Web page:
[LMB] re HH ch 12 & 13

J Selin harimad2001 at yahoo.com
Fri May 5 21:25:53 BST 2006


CHAPTER 12:

Ingrey really tipped his hand when he ordered Hetwar to answer him. 
Hetwar is a very pragmatic person, more concerned with short- and
medium-term balancings for politics and peace, than with anything
else.  Very much like the Provincara, as has been pointed out. 
Hetwar is also no one's slouch.  Ingrey's wolf-backed command will
cause Hetwar to radically reevaluate Ingrey: his uses, his
liabilities, his abilities, his loyalties.  Hetwar thought he knew
Ingrey well, and knew how best to utilize and deploy him.  Now Ingrey
has forced Hetwar to reconsider.  I expect this makes Hetwar very
uneasy and an uneasy Hetwar is someone to fear.  There's too much on
his shoulders and too much worry in his life, for him to take huge
amounts of time examining the new uses/problems of his
suddenly-changed henchman.

Unless, of course, that henchman provides Hetwar with upfront
evidence of his new utility - such as detecting geases.  (I expect
voice commands to be too blunt an instrument for Hetwar's
preferences.)

Biast strikes me as straightfoward and uncomplicated; a normal person
as compared to Ingrey, Wencel and Hetwar.  His heart and his sense of
service are in the right place, he wants to do the right thing by his
kingdom - and it will be his no matter who becomes king - and rather
out of his depth.  I do wonder why the oldest two sons were kept
sufficiently busy as not to warp but such care was not taken with the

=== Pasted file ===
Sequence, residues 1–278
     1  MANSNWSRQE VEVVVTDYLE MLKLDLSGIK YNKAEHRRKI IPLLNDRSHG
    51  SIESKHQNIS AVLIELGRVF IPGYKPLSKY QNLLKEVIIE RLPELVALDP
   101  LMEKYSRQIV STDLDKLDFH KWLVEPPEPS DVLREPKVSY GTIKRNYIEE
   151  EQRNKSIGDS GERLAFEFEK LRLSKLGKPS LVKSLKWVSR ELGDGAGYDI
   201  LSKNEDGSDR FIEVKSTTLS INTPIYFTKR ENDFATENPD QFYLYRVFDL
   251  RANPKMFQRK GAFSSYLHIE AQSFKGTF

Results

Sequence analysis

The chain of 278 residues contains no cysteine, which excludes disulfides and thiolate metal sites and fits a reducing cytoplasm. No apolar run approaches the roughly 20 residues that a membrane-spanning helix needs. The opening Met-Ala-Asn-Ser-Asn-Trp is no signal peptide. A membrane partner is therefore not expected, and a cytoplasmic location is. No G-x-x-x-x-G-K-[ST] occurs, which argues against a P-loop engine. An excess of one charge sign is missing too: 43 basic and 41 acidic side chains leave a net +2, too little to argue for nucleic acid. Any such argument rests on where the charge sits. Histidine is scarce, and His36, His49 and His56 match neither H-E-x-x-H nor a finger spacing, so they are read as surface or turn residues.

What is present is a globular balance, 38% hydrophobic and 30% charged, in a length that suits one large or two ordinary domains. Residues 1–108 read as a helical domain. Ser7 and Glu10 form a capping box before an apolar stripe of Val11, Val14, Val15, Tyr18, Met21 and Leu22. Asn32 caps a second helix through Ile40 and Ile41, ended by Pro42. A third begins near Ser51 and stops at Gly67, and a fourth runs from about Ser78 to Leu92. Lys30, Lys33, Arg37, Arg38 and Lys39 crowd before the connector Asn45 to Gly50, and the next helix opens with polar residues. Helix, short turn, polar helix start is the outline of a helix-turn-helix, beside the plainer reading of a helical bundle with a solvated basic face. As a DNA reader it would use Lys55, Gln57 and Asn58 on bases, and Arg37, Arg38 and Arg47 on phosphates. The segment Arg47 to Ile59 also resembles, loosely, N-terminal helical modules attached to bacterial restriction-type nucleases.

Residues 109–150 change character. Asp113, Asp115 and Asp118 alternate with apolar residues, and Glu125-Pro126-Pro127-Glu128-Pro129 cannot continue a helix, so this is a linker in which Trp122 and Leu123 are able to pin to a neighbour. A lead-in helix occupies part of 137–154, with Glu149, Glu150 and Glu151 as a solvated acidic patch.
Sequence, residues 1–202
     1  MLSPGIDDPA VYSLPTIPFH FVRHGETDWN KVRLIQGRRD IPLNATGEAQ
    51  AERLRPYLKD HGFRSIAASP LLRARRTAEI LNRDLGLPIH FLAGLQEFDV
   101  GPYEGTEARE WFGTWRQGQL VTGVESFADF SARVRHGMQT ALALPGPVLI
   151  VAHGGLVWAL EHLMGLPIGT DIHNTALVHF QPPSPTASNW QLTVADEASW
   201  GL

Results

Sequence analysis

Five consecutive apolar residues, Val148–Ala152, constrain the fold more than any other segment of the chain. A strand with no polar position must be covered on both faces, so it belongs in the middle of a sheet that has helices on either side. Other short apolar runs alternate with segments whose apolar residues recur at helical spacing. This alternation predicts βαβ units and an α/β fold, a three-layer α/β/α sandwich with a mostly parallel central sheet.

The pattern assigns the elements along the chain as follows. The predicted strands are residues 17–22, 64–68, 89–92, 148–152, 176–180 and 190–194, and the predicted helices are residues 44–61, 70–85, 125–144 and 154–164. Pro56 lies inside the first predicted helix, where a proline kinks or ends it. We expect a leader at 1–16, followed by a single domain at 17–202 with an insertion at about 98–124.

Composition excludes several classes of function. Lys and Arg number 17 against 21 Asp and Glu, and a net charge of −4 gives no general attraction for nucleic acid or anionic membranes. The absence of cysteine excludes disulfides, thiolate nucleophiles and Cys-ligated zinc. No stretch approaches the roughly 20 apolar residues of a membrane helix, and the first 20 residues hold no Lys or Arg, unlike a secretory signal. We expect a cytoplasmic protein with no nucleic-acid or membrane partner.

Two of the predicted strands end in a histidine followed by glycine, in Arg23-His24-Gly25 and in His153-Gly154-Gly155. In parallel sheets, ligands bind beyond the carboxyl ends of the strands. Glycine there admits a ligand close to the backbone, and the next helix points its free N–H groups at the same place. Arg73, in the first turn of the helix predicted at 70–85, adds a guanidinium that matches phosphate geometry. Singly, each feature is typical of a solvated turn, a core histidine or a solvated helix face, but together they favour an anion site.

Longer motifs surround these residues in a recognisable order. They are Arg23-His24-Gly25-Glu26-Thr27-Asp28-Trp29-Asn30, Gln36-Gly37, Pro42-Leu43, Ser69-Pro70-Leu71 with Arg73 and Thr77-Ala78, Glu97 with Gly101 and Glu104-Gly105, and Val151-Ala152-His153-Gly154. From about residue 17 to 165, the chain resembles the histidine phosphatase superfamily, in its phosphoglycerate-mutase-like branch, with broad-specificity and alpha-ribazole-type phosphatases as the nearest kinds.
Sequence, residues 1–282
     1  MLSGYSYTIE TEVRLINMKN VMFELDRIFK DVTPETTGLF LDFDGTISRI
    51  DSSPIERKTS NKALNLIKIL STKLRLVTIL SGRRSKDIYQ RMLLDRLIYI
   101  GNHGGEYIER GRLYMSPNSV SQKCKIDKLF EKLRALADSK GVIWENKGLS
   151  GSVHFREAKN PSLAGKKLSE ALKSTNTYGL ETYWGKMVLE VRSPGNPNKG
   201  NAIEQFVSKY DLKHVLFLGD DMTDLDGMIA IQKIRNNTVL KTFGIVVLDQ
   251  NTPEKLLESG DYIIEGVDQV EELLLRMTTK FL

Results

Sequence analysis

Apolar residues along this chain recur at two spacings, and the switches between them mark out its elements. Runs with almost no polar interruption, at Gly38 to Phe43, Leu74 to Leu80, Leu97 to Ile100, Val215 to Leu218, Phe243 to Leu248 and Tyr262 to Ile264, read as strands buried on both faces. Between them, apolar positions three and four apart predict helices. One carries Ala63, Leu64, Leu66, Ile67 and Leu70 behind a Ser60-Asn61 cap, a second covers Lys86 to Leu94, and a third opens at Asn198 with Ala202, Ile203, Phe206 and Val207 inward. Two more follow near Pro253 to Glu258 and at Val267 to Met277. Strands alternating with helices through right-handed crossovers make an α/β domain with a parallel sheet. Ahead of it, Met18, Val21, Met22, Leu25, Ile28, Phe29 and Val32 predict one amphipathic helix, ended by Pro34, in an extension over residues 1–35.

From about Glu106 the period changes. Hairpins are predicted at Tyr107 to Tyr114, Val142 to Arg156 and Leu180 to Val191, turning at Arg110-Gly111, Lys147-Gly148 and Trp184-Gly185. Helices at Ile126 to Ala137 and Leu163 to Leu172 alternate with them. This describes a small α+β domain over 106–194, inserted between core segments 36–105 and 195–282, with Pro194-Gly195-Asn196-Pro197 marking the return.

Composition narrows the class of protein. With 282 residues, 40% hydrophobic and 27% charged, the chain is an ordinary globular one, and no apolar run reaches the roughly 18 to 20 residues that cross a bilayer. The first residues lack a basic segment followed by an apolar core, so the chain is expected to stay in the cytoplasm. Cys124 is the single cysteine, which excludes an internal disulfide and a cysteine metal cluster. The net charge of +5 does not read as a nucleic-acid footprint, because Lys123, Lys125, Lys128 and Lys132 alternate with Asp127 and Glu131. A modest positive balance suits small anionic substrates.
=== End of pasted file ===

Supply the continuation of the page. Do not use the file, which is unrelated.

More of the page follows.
third.  Doesn't anyone learn from history?

Gesca is, of course, reporting to Wencel if he's reporting to anyone.


CHAPTER 13:
> Kalina wrote:
> As a matter of fact, Wencel is so mysterious he almost steals
> the show.  And his incredible self-possession is spooky but it
> does incite trust

Not in me.  It incites lack of trust.  Wencel's sudden historical
bent, savoir-faire, poise, and air of command (sudden as compared to
Ingrey's decade-old memories) makes me very distrustful.  This is
compounded when Wencel's descriptions of history sound like personal
histories.  How does he know it took the old Wealdian king hours to
die in the pit?  How does he know enough about burning to death to
not recommend it in such concrete manner?

What Wencel incites in me is wondering.  Specifically, wondering
whether people's souls, as well as animals', can be preserved through
the centuries.

> Elizabeth wrote:
> I didn't mind it that [Wencel] seemed above himself; it did
> bother me that they seemed to accept his assumption without
> questioning it. 

Wencel is a very senior lord in a feudal society.  Ingrey is a
disgraced minor lordling-heir and Ijada barely registers in the
Register.  Of course he's superior and they accept it: by the rules
of their society, he is.

Ingrey's unhealing would is strongly reminiscent of the Christian
fable of the Fisher King.

My first read through the book, I was starting to realize there was a
shift going on from what the original plot (Boleso's death and court
politics) to something more arcane and religious.  I was still
muddled as to where it was going and why.

Harimad

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